Quality plays a major role when it comes to meat and health. Everyone knows that meat from organically farmed animals is better than its conventionally farmed counterpart. But what is the difference in terms of nutrition? Is it worth paying extra for grass-fed and organic?
We used to hunt wild animals, now we’re chasing discount
What we consider meat today is likely very different from what it used to be for our ancestors. In the past, any meat we were able to put on our table/cave floor came from wild animals, which were moving, eating and living naturally. Conventionally raised animals don’t have this luxury. They are kept in high densities, without the possibility to move or eat as they would in the past. Lifestyle is a big health influencer, not just for humans but also for all animals, and as a consequence of this unnatural lifestyle animals get sick and are treated with antibiotics regularly. This results in tissue with a substantially different composition.
What does it mean to be grass-fed?
Conventionally farmed cattle do not see a single leaf of fresh grass in their life, despite it being their preferred natural food. They are fed a special mix of grains that allows them to grow more quickly with more mass. So, cattle that actually eat what they’re supposed to, fresh grass, had to get a special name.
It is also a common practice to feed grains to bulls towards the end of their life because it will still fatten them up, thus making them more profitable. So, if you really want to go all out, then look for beef that was both “grass-fed” and “grass-finished”.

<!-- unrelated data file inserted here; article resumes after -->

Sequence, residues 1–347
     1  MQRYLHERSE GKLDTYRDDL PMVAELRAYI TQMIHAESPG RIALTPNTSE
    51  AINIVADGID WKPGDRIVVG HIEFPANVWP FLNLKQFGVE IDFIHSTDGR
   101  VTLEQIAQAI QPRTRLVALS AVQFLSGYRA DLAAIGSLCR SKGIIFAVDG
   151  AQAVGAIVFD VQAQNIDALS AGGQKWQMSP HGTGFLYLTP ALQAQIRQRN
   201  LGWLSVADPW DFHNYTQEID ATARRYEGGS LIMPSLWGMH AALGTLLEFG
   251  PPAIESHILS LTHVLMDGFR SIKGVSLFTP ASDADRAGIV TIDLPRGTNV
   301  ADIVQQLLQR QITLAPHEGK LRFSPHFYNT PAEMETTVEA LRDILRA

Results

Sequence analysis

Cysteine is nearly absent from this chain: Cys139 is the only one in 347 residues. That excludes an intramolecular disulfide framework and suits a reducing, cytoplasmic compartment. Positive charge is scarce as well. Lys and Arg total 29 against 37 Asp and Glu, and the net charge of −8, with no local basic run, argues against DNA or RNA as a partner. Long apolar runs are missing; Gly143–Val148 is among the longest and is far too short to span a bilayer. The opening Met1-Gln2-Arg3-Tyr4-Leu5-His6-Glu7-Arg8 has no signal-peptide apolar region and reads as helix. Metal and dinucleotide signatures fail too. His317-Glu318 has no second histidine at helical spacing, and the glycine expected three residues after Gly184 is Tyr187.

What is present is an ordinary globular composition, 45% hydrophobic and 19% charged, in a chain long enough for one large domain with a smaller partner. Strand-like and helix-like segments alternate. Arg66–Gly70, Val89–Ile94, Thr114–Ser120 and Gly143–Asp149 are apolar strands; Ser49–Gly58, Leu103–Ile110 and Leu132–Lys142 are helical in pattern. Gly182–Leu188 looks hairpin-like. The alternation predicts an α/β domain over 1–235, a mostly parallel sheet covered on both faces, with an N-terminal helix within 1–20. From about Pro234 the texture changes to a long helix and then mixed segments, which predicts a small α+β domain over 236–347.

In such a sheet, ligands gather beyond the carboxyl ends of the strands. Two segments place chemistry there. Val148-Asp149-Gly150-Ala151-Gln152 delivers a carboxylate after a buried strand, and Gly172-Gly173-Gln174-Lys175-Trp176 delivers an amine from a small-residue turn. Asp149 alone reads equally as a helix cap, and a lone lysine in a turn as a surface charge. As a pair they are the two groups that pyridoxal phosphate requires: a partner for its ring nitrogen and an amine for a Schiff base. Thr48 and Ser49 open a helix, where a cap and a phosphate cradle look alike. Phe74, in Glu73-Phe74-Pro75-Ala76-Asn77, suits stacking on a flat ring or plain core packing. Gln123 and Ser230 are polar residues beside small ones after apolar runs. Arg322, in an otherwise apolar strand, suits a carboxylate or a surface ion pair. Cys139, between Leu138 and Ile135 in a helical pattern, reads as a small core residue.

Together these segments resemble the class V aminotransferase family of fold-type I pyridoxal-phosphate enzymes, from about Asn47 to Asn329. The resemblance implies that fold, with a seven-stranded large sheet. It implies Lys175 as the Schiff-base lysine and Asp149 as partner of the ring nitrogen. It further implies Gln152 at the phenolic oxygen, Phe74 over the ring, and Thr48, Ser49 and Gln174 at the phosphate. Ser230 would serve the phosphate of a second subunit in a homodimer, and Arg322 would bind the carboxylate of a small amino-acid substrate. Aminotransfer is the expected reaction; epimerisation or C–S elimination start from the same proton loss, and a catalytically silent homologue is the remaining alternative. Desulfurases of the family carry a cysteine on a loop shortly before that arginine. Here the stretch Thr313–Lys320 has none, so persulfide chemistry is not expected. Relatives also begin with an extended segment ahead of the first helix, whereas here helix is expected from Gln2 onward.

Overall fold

What’s the actual difference?
Based on a study from 2010 that compared tissue composition of grain-fed and grass-fed beef, we know about several key differences. Grass-fed meat has a healthier fat composition with a higher percentage of a benign stearic acid and lower percentage of palmitic and myristic acid that could be considered potentially harmful. It also contains 2x to 5x more of those much needed omega-3 fatty acids, and 2x to 3x the amount of CLA (Conjugated Linoleic Acid), which is an important fatty acid that works as an antioxidant and helps protect against cancer, diabetes, and heart disease.
Other studies also show that grass-fed beef has significantly more antioxidants and vitamins. You can spot this difference with a naked eye. Cattle that eat fresh grass get a lot of carotenoids from it (precursor for vitamin A) that colors their fat with a slight hint of yellow, whereas grain-fed cattle have strictly white fat.
Pay for quality
Similar differences were observed in studies comparing organic versus conventional lamb, bison, and chicken, but I dare say it’s valid for all animals. The abundance of meat today simply comes at a price. You can either decide to pay in cash for quality or pay with your health for a discount.